SOCAN is mourning the loss of Salome Bey, the American-born, Canadian singer-songwriter, composer, actress, and SOCAN member who has died at the age of 86.
Born in 1933 in Newark, New Jersey, Bey sang with her brother Andy and sister Geraldine as Andy & the Bey Sisters across the U.S., Europe, and Canada, before re-locating to Toronto in 1964. A larger-than-life figure whose artistic output and influence was felt around the world, in both music and theatre, her list of multi-disciplinary achievements was unprecedented, and included two album projects with Horace Silver; two Dora Mavor Moore awards for Indigo, a history of Black music that she conceived, wrote, and starred in; a Grammy nomination for Your Arms Too Short to Box with God for Best Cast Recording; and an Obie Award for Justine. Bey was made an Honourary Member of the Order of Canada in 2005.
Andy and the Bey Sisters recorded and released albums on the RCA Victor and Prestige record labels. Their debut self-titled album was produced by iconic country music star Chet Atkins, and the group was featured in the Chet Baker documentary Let’s Get Lost. After moving to Toronto and playing the jazz club circuit, Bey became known as “Canada’s First Lady of the Blues.” She appeared on Broadway in Your Arms Too Short to Box with God, and later put together a cabaret show on the history of Black music, Indigo, which was eventually filmed for TV and aired on Superchannel, and later on CBC. Bey also released live albums of her performances with the Montreal Jubilation Gospel Choir, and of performances at the at the prestigious Montreux Jazz Festival. Hip-hop producer Larry Smith (Run-DMC) played bass for Bey during the late ‘70s and early ‘80s.
As part of Northern Lights, Bey contributed vocals to the 1985 charity single “Tears Are Not Enough,” alongside Joni Mitchell, Neil Young, Gordon Lightfoot, Anne Murray, Burton Cummings, Bryan Adams, Bruce Cockburn, Geddy Lee, and Kim Mitchell, to raise funds for relief of the 1983-85 famine in Ethiopia. Bey consistently mentored up-and-coming artists, and her musical theatre work Rainboworld provided a foundation for young artists to develop their skills through music, dance, and theatre. She nurtured an extensive list of Black Canadian artists, such as Deborah Cox, Divine Brown, Orin Isaacs, Simone Denny, and Shantall Young, among many others. In 1992 she received the Toronto Arts Award for her contributions to the performing arts, and in 1996 she received the Martin Luther King Jr. Award for lifetime achievement from the Black Theatre Workshop of Montreal.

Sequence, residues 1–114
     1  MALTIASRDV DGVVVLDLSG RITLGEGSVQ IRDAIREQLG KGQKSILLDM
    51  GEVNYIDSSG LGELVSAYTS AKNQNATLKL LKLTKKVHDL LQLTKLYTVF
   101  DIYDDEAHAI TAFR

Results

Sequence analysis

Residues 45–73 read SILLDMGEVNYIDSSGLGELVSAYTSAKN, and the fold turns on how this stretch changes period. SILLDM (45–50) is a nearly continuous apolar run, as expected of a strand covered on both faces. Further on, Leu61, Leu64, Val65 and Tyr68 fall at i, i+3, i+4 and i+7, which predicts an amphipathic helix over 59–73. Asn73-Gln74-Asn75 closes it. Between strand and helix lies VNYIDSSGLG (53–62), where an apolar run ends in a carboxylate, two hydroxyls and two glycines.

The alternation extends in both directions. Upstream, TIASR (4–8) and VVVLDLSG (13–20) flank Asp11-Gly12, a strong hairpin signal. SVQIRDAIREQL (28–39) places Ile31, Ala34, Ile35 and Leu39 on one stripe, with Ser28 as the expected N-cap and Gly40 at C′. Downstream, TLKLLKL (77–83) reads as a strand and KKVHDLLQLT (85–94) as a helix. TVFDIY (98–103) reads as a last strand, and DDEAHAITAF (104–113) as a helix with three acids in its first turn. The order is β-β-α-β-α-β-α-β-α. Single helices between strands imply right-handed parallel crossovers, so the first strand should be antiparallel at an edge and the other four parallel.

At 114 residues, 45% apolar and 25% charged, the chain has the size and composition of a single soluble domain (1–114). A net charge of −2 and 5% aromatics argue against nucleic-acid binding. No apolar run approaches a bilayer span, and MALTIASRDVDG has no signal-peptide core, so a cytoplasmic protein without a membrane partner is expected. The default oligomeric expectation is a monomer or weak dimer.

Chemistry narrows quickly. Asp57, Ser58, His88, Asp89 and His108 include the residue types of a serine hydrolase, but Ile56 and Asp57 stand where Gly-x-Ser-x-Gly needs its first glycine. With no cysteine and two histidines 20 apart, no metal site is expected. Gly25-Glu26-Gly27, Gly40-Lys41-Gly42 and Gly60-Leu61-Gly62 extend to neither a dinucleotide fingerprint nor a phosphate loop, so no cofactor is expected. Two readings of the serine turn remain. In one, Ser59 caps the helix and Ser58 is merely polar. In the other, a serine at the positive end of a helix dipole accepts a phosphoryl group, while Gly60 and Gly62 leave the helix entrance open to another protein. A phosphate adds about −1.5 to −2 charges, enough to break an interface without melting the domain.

Bey’s holiday special Salome Bey’s Christmas Soul aired on CBC and featured guests Maureen Forrester, Billy Newton-Davis, Molly Johnson, Jackie Richardson, and the Faith Chorale Gospel Choir. She continued to appear in concert, often appearing with her daughters tUkU and SATE who, with other musicians, were known as Salome Bey & the Relatives. Bey started showing signs of dementia in 2004 and had been residing at the Lakeside long-term care facility until her eventual passing. In 2018, she was celebrated in the 100 Accomplished Black Canadian Women project created by The Honourable Jean Augustine. Bey’s late husband, Howard Berkeley Matthews, was one of the original founders and co-owners of The Underground Railroad, a historic eatery in the Black community from 1969 to 1979.
Bey is survived by her three daughters: singer SATE and singer/performance artist tUkU, and son Marcus Matthews, to all of whom SOCAN extends its deepest condolences at this difficult time.
To honor Salome Bey’s life and memory, her family kindly asks that you donate to The Freedom School Toronto (e-mail e-transfers can be sent directly to trustee email@example.com).